arrived, and had brought all the glories of its kingdoms along; and when
they went they left a calm behind which was like the deep sleep which
follows an orgy.

Eseldorf was a paradise for us boys. We were not overmuch pestered with
schooling. Mainly we were trained to be good Christians; to revere the
Virgin, the Church, and the saints above everything. Beyond these
matters we were not required to know much; and, in fact, not allowed to.
Knowledge was not good for the common people, and could make them
discontented with the lot which God had appointed for them, and God would
not endure discontentment with His plans. We had two priests. One of
them, Father Adolf, was a very zealous and strenuous priest, much
considered.

There may have been better priests, in some ways, than Father Adolf, but
there was never one in our commune who was held in more solemn and awful
respect. This was because he had absolutely no fear of the Devil. He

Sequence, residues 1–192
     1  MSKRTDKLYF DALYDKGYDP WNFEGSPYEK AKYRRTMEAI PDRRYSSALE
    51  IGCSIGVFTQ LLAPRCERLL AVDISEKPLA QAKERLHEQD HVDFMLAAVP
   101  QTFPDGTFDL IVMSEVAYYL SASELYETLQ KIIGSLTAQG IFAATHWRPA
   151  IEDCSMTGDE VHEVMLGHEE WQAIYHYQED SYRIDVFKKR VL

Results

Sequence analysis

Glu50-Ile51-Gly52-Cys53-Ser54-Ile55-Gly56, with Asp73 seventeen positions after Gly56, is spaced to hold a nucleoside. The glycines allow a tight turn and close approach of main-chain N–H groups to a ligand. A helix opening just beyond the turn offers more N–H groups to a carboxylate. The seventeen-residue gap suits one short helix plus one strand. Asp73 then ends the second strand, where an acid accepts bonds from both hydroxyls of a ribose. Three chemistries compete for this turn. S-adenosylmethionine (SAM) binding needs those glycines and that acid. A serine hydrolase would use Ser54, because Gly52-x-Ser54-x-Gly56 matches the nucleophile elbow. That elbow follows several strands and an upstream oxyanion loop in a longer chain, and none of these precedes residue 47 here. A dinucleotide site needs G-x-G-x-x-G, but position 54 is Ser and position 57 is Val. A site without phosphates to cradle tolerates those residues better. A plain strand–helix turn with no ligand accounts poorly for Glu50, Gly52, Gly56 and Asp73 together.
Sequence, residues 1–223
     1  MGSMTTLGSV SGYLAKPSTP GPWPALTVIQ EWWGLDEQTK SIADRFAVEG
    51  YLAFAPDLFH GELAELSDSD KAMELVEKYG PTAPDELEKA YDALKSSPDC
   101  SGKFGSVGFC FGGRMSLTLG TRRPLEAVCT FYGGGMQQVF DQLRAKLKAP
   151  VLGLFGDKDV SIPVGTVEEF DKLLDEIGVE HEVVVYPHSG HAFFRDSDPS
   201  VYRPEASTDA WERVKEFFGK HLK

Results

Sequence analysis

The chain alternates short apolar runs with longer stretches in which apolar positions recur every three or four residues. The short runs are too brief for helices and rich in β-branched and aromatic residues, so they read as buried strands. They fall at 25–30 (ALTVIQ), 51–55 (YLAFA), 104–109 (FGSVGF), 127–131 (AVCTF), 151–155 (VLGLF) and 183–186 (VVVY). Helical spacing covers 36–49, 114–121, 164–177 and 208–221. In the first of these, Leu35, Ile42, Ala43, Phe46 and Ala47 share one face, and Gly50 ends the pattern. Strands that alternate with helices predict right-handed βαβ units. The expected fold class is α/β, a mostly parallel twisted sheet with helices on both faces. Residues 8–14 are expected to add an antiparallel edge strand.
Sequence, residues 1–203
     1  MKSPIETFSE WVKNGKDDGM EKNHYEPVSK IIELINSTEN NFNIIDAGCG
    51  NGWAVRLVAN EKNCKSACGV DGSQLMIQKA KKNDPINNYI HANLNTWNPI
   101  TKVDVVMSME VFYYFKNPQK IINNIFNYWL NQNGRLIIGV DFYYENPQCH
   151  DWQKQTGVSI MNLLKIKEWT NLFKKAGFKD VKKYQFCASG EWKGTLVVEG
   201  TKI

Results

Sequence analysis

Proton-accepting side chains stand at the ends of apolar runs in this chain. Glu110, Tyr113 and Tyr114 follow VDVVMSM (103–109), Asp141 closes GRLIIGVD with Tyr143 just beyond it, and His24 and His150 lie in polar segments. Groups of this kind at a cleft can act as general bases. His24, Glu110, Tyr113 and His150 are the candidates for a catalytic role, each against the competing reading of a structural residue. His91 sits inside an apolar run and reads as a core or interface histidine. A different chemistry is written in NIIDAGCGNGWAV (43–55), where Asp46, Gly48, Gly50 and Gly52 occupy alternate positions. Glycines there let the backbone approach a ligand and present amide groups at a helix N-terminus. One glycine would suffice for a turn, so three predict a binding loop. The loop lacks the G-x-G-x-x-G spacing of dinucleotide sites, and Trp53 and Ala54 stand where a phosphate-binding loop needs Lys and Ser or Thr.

was the only Christian I have ever known of whom that could be truly
said. People stood in deep dread of him on that account; for they
thought that there must be something supernatural about him, else he
could not be so bold and so confident. All men speak in bitter
disapproval of the Devil, but they do it reverently, not flippantly; but
Father Adolf's way was very different; he called him by every name he
could lay his tongue to, and it made everyone shudder that heard him; and
often he would even speak of him scornfully and scoffingly; then the
people crossed themselves and went quickly out of his presence, fearing
that something fearful might happen.

Father Adolf had actually met Satan face to face more than once, and
defied him. This was known to be so. Father Adolf said it himself. He
never made any secret of it, but spoke it right out. And that he was
speaking true there was proof in at least one instance, for on that